In conjunction with the Year of the Portuguese Speaking World series, Dr. Robert Simon, a professor in the Department of Foreign Languages, presented his research regarding the use of language as a tool for building national identity. His study examines the language used in Angolan poetry. The symbolism that poets use reflects how they self-identify as well as the history shaping the nation. Such a combination has the potential for translating into the building blocks of national identity. Simon’s theoretical approach explores two distinct phases of national identity building: the use of utopian discourse, “Unity Through Diversity” and the deconstruction of utopian discourse.
Before delving into the analysis of the poetry, Simon accentuated that one first needs a historical background of the Angolan independence struggle. From 1955-1975, Angola fought against Portugal to gain its independence. Upon gaining independence in 1975, the nation slid back into turmoil due to a civil war that lasted until 2002. When the civil war ended, the nation began a period of reconstruction and national consolidation that is still occurring in the present.
With this brief understanding of Angolan history, Simon then shifted the focus to Angolan literature. There are two pillars of Angolan literature that authors and poets use to develop their pieces. The first is anchored in oral traditions, where Portuguese is the main language but other languages such as Kimbundu and Ovimbundu exist and are used. The second is based on the Angolanidade movement of the 1950s. Both of these pillars are historically founded. Concomitant to this is a parallel theory regarding the “epic” versus “constructive” poetics of the period, a subtle but measurable difference in individual / communitarian foci. These may be taken outside of a diachronic reading. Turning specifically to Angolan poetry, and in utilizing the notion of “différance” as a basis for building moments of communication between the two theories, history has influenced poetry to the extent that it too follows two distinct phases: utopian, the pre-independence and independence phase, and criticism of dystopic context, the post-independence phase.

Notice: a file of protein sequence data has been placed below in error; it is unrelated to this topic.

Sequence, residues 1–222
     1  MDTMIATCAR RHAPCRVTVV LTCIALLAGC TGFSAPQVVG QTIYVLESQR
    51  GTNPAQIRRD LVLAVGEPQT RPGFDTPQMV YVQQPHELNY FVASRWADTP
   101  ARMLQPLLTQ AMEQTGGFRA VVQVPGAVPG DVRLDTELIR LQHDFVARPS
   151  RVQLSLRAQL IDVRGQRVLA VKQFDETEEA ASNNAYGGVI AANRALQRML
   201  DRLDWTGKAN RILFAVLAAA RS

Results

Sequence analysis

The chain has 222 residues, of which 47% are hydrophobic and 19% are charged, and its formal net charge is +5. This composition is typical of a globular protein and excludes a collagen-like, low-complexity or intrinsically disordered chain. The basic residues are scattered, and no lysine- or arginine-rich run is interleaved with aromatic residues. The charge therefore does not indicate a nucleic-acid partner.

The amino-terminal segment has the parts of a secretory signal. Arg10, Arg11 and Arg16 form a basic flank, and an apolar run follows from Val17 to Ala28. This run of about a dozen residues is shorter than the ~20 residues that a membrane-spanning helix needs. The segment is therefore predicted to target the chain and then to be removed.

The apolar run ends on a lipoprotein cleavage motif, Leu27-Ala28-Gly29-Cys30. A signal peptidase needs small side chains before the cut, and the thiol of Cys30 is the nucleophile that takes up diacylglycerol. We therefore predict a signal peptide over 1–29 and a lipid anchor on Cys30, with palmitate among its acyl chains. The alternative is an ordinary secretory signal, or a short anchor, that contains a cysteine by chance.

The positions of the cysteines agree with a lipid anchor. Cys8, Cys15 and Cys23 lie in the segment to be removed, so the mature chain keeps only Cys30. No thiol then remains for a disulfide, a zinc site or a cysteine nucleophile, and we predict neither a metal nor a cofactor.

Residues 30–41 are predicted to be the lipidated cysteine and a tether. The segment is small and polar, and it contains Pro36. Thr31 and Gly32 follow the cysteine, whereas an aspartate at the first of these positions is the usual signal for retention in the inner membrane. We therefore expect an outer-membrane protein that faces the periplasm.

Simon’s study analyzes the work of three poets from the two different phases to compare the difference in the language choices as a result of the historical context. Angolan poet, Agostinho Neto’s, work falls into the pre-independence and independence phase. Analysis of his poetry finds aspects of living in the slums of Luanda, instances of the Salazarist myth of the enlightened and content Portuguese colonial subject, and references the utopic notion of unity in diversity. The poetry of Ana Paula Ribeiro Tavares and Luís Kandjimbo falls into the post-independence phase. Analysis of Tavares poetry yields discussions of a utopian space being simultaneously ruined by that same utopia, a tempting yet false side of the country, and the loss of the traditional lifestyle, loss of Vatwa. Simarly, Kandjimbo’s poetry holds many of the same themes: struggle to find significance in a contradictory social, political, and linguistic framework, linguistic unity leads to cultural suppression and Angola as a tortured state.
Simon’s study reveals that the impact of a nation’s history is reflected in the language choices used in literature. National identity is shaped by history, and the way language portrays historical developments provides insight to the internal feelings of the citizens residing in nations that experience upheaval and transition. Language is a powerful indicator not only about the past but also about the progression of the present and the hope for the future.
Posted: January 25, 2016